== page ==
Lego Batman 2 review: Old ideas marry new ambition

Open-world sequel sticks to what it knows - but, luckily, what it knows, works

Page 2 of 2

It's a Lego game after all then, but there are bright ideas. The rain-slicked streets of Gotham's permanently midnight sandbox is a maze of familiar sights - smash up a plastic giraffe at Gotham Zoo, raise a few issues at city hall, climb to the peak of Wayne Enterprises or take a breather at the Batcave where you can replay missions, scan for more, or fast travel to specific locations (think Assassin's Creed's aqueducts).


It's a world big enough for vehicles like the Batmobile and Batwing, giving this the largest scale of any Lego tie-in to date. Roaring around, as fire from the exhaust ripples the air, is a thrill comparable to Saints Row's Specter hover bike, even if it lacks the creative spark of that particular free roam.


As well as vehicles you can take different characters for a spin. In one seamless move, you can dispatch foes with Wonder Woman's tiara, conjure a giant glowing hammer as Green Lantern, laser-vision the place up as Superman (John Williams' iconic score even kicks in when he takes to the sky), then use Flash to dash off, a glowing red and yellow trail in your wake.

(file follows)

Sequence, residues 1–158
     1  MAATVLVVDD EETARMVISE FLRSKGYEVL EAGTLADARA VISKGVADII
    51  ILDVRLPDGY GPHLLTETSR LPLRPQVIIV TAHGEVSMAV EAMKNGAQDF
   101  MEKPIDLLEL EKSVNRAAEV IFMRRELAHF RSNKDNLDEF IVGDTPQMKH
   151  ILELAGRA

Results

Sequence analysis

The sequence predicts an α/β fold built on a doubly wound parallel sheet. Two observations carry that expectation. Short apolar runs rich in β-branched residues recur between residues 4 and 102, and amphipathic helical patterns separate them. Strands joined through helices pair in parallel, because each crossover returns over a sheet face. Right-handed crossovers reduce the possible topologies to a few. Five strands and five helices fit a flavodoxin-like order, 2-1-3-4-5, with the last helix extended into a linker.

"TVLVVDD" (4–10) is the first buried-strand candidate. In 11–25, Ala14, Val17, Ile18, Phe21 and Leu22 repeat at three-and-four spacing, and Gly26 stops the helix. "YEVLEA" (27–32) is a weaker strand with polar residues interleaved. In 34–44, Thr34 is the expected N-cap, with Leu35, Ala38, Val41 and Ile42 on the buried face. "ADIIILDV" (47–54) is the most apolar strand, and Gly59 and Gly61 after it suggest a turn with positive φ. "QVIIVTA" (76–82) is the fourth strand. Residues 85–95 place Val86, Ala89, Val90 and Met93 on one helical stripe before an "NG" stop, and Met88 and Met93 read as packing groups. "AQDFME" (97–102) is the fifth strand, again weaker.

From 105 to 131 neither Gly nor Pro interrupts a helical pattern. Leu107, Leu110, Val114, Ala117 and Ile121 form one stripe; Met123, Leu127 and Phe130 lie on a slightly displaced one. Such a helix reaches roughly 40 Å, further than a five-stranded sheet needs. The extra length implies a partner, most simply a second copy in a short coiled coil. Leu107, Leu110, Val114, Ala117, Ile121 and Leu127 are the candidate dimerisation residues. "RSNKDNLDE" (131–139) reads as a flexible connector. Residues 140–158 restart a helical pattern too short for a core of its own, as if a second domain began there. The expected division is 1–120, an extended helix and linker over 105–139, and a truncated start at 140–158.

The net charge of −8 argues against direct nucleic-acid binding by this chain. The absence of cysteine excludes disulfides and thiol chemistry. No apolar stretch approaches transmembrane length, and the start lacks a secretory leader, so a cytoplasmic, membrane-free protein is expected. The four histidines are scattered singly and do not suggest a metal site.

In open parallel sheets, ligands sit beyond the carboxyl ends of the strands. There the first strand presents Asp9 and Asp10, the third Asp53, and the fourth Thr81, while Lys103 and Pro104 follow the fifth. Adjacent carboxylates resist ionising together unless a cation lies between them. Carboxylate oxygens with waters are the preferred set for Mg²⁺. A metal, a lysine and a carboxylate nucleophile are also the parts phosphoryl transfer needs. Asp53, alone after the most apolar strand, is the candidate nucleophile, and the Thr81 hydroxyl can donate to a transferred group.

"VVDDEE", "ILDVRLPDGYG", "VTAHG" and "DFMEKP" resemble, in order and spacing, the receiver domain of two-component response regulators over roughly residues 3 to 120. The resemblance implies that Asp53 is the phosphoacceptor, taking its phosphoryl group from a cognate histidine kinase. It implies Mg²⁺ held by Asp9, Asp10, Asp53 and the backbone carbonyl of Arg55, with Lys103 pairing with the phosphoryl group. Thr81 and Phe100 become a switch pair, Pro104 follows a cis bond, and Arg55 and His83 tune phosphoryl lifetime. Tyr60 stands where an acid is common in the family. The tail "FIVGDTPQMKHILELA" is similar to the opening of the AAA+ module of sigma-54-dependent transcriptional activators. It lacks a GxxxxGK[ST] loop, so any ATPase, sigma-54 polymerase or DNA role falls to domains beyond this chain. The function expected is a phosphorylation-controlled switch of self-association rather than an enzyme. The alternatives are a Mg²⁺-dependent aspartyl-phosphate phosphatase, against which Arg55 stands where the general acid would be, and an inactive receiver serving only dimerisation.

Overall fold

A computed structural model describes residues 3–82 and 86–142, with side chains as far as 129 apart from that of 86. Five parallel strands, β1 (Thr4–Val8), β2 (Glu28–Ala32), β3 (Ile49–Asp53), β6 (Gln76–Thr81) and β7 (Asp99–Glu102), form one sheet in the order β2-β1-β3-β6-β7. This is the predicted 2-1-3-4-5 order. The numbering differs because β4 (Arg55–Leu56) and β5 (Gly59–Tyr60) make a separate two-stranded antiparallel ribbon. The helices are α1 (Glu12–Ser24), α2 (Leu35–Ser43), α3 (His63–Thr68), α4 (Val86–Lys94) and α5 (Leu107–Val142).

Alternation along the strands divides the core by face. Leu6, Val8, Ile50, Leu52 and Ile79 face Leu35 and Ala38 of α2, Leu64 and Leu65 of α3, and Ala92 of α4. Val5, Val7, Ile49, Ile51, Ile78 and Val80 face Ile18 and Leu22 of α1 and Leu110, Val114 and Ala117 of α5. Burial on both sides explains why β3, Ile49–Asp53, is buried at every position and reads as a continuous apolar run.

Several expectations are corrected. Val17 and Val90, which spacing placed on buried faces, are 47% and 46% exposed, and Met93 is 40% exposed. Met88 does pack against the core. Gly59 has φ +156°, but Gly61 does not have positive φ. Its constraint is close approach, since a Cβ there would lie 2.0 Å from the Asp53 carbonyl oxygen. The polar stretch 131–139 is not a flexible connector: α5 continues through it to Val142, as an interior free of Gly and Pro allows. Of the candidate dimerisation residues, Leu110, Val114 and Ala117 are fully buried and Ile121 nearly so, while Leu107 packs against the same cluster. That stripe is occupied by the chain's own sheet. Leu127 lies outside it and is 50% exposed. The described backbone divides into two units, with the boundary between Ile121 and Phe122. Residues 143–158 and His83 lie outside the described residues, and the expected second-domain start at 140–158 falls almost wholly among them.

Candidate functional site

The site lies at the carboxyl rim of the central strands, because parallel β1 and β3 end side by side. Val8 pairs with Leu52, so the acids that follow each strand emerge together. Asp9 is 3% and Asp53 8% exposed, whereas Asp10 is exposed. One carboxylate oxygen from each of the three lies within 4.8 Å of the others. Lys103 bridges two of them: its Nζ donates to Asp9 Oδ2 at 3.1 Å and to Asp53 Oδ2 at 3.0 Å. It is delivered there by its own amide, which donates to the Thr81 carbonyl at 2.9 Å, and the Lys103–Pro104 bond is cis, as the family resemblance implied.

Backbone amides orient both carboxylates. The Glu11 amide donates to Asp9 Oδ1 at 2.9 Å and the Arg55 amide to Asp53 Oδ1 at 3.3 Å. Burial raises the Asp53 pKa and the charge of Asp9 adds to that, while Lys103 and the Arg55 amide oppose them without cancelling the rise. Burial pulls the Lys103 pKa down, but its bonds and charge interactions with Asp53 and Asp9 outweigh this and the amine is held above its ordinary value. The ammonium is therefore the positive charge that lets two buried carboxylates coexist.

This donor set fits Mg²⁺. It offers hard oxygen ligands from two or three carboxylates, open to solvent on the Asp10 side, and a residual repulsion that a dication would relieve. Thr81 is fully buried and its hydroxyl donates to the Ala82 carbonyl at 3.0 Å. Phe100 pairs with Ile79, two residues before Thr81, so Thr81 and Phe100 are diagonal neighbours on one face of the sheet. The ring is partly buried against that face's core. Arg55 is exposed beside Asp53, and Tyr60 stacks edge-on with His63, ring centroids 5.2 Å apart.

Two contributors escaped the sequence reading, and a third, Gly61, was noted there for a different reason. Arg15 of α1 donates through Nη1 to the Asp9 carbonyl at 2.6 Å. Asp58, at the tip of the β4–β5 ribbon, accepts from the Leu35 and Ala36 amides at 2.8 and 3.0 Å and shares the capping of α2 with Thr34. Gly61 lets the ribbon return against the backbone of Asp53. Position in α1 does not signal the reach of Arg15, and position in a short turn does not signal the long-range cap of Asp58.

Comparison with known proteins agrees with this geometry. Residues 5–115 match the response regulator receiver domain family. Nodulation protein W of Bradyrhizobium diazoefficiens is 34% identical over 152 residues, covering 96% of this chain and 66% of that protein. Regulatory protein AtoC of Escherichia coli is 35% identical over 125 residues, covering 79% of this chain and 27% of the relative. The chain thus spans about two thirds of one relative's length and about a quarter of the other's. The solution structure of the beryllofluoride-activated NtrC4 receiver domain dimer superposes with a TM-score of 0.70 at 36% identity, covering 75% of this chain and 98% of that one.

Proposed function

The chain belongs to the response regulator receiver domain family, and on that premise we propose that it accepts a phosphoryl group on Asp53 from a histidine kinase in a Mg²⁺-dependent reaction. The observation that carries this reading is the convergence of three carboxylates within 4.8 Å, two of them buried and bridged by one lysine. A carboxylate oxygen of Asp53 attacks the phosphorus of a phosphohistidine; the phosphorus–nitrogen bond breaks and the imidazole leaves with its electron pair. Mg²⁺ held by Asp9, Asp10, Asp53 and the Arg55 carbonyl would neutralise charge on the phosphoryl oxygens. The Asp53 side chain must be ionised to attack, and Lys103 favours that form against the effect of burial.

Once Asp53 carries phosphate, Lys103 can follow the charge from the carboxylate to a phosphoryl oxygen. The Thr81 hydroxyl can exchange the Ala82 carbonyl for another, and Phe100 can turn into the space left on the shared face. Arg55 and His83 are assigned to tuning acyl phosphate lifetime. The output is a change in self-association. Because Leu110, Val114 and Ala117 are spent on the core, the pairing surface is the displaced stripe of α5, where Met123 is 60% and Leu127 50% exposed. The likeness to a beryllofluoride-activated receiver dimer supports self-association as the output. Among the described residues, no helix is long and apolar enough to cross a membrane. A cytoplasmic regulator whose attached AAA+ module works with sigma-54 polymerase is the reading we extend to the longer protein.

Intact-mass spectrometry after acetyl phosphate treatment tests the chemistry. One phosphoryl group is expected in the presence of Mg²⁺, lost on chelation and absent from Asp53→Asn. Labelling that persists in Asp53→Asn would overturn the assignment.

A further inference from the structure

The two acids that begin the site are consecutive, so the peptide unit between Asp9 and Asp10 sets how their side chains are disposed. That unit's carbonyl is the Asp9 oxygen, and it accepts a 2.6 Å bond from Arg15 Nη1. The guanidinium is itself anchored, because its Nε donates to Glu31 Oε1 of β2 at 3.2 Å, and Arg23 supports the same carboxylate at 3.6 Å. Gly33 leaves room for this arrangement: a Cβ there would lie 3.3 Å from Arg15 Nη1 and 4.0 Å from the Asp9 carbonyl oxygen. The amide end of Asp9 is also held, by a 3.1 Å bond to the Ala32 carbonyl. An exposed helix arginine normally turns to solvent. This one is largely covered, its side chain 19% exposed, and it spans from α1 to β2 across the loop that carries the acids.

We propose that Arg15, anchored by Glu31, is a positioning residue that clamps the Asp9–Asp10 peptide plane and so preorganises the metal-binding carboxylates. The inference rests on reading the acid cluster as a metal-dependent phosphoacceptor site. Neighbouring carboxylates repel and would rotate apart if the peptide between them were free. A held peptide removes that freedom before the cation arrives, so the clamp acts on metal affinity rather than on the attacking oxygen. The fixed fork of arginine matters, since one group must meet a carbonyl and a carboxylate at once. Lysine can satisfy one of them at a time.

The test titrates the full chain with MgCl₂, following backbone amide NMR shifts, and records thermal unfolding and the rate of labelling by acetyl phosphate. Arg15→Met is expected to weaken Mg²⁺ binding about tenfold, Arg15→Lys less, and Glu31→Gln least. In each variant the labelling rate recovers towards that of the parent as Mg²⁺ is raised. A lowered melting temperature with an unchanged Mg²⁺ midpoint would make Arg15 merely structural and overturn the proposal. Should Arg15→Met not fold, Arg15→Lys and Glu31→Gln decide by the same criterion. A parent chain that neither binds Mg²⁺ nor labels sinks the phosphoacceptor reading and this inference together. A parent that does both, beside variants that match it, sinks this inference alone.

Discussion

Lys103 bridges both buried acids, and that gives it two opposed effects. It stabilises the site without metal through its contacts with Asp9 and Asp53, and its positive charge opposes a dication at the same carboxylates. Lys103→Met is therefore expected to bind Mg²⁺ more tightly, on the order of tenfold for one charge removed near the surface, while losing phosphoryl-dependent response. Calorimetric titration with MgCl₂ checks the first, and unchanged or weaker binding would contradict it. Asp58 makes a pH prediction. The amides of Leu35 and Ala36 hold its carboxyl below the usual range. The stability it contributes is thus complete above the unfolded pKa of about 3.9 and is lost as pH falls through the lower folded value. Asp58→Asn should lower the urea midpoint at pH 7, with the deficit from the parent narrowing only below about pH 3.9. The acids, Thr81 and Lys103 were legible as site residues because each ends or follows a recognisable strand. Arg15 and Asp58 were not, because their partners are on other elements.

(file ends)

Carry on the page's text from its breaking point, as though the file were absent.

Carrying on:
It's a nerd's dream, and makes you wonder why Traveller's Tales didn't just go the whole way with one big superhero collaboration spread over various mid-sized hubs. This instead is Batman's tale, the heroes eclectic but the villains fresh from Arkham Asylum, each giving good in boss fights (Harley's and Killer Croc's are highlights).

The real triumph here, though, is the care, the attention to detail. The visuals are surprisingly sharp, motion blur, depth of field and dynamic shadows giving this a near photorealistic sense of place. One level sees hundreds of Gotham citizens fleeing Two-Face across reflective marble floors. Batman's cape even has cloth physics.

The audio too merits praise. Expressive mimes of past entries, previously limited to grunts and slapstick, are given vocal chords for the first time ever. Bioshock Infinite's Booker DeWitt, Troy Baker, voices Batman (he did Two-Face in Arkham City), and the DC Animated Universe's Clancy Brown reprises his role as Lex Luthor, while John DiMaggio, Jennifer Hale and Claudia Black swell an impressive cast. All this over a score mixing Danny Elfman's 1989 theme with original music.


In the end, then, it's a Lego game as you've come to expect - not deep, demanding or particularly complex, but applying charm with Kryptonite effectiveness through dozens of fully playable, fully voiced superheroes and a puzzle-packed open world.

  1 2
The verdict

It doesn't take The Riddler to deduce this isn't for adults. A class act, if simple, trading complexity for good-natured charm

  • Fifty superheroes with unique abilities
  • Actual voices, and professional voices at that
  • Gotham makes a great sandbox
  • The difficulty's easy and puzzles are simple.
  • It's weak for adults and lone players
  • It's still Lego, just on a larger scale
Xbox 360
Warner Interactive
Warner Interactive
Adventure, Action